A big pensioner tax change has hit South Africa

The South African Revenue Service (SARS) has introduced new regulations for pensioners in South Africa which has generated a significant amount of concern due to a change in payments.

For a pensioner who receives their income from only one source, e.g. a pension fund or an annuity that has been purchased with a registered provider, SARS ensures that the correct PAYE deductions are made from the monthly pension, explains Belinda Sullivan, head of corporate consulting Strategy at Alexander Forbes.

“But many pensioners may have more than one source of income, she said. For example, you may be receiving your monthly pension, rental income from a property and perhaps other income that you may have from another policy.

These different sources of income are added together at the end of the tax year to calculate the correct tax that must be paid.

“As a result, this may result in you being placed in a higher tax bracket compared to the amount of tax that has been paid to SARS at the end of the tax year. So what this effectively means is that the PAYE currently paid may not be in line with what is due to SARS – which means you will need to pay in additional money to SARS to meet your tax that is due.”

Pensioners can ask the pension fund administrator to deduct a higher amount of PAYE to better align the tax payments they make with the tax due at the end of the tax year, Sullivan said, adding that not many pensioners were making use of this option, resulting in a tax debt at the end of the year.

With effect from 1 March 2022, SARS introduced legislation that allows it to determine a more accurate PAYE deduction amount.

A fixed-rate is calculated based on the information that SARS has on hand. the revenue service has confirmed the fixed rates of PAYE to be deducted from the pensions or annuities.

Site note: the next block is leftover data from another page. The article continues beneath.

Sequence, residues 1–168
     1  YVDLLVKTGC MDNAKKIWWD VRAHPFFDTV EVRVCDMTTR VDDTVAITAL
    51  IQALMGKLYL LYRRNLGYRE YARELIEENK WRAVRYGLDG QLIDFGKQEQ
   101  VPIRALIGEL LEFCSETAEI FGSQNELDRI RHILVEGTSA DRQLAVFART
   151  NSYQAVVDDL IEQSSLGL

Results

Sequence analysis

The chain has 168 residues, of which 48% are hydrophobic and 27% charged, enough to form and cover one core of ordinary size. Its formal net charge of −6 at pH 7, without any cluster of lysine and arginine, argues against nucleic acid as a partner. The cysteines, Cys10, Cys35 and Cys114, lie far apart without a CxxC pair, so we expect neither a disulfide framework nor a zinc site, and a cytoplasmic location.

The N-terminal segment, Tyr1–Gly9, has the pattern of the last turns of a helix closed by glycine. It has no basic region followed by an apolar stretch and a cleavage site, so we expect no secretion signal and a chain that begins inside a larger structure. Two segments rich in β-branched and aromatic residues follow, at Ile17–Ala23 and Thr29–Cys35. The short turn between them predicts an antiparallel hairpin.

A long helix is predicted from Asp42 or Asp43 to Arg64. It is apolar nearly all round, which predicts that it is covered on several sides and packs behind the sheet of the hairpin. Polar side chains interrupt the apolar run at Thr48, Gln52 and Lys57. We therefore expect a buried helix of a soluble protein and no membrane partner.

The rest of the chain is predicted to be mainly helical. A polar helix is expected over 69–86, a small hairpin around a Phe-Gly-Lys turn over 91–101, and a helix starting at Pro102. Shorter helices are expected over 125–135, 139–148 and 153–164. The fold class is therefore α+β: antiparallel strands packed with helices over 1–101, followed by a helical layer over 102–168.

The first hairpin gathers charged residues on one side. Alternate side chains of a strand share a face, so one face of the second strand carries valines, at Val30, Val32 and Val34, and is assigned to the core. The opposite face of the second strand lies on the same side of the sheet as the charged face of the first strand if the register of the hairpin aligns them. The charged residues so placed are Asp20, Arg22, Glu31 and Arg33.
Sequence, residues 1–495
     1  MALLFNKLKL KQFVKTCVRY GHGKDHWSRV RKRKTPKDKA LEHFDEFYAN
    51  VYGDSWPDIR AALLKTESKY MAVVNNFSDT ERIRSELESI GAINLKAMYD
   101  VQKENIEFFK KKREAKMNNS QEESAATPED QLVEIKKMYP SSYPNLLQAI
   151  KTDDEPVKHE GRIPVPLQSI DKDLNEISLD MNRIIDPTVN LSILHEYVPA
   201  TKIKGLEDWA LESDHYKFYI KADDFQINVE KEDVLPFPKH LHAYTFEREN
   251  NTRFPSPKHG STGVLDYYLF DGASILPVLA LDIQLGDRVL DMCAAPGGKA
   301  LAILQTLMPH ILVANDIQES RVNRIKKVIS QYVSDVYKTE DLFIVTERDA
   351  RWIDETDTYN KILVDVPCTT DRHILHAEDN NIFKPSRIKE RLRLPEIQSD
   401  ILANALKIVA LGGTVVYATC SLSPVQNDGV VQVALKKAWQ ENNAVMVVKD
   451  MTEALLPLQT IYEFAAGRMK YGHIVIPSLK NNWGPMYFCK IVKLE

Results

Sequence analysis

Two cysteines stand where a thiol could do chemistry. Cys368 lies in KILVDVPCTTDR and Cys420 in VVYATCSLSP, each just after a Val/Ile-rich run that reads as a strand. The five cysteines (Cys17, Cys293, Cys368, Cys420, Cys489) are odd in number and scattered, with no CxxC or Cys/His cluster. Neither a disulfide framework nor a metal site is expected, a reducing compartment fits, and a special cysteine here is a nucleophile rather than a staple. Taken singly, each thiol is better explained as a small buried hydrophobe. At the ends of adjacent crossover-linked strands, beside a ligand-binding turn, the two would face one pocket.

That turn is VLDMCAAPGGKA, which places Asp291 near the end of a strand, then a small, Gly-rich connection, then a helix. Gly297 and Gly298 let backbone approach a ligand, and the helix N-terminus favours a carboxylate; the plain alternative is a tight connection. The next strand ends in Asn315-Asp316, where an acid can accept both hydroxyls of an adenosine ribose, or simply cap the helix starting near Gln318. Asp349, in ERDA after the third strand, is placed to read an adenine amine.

A pensioner has the option to “opt-out” and maintains the current level of taxation. This means that the pensioner could end up having to pay additional tax at the end of the tax year.

Alternatively, the administrator can apply the fixed rate as advised by SARS, which should ensure that there is no additional tax debt at year-end.

A pensioner can opt out of this approach at any time, by confirming their selection, in writing, to the retirement fund administrator. Pensioners must be reminded that this may result in them having to pay into SARS at the end of the tax year.

“Many pensioners have therefore seen an adjustment to their monthly pension now due to the change in their tax deduction, based on the fix rates of PAYE that have been communicated by SARS for the year – if they have not ‘opted-out’ of the revised tax adjustments to take into account more than one source of income,” said Sullivan.

“If you are not sure how this affects you as a pensioner, it is important to contact your financial advisor and or your pension fund administrator.”


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A big pensioner tax change has hit South Africa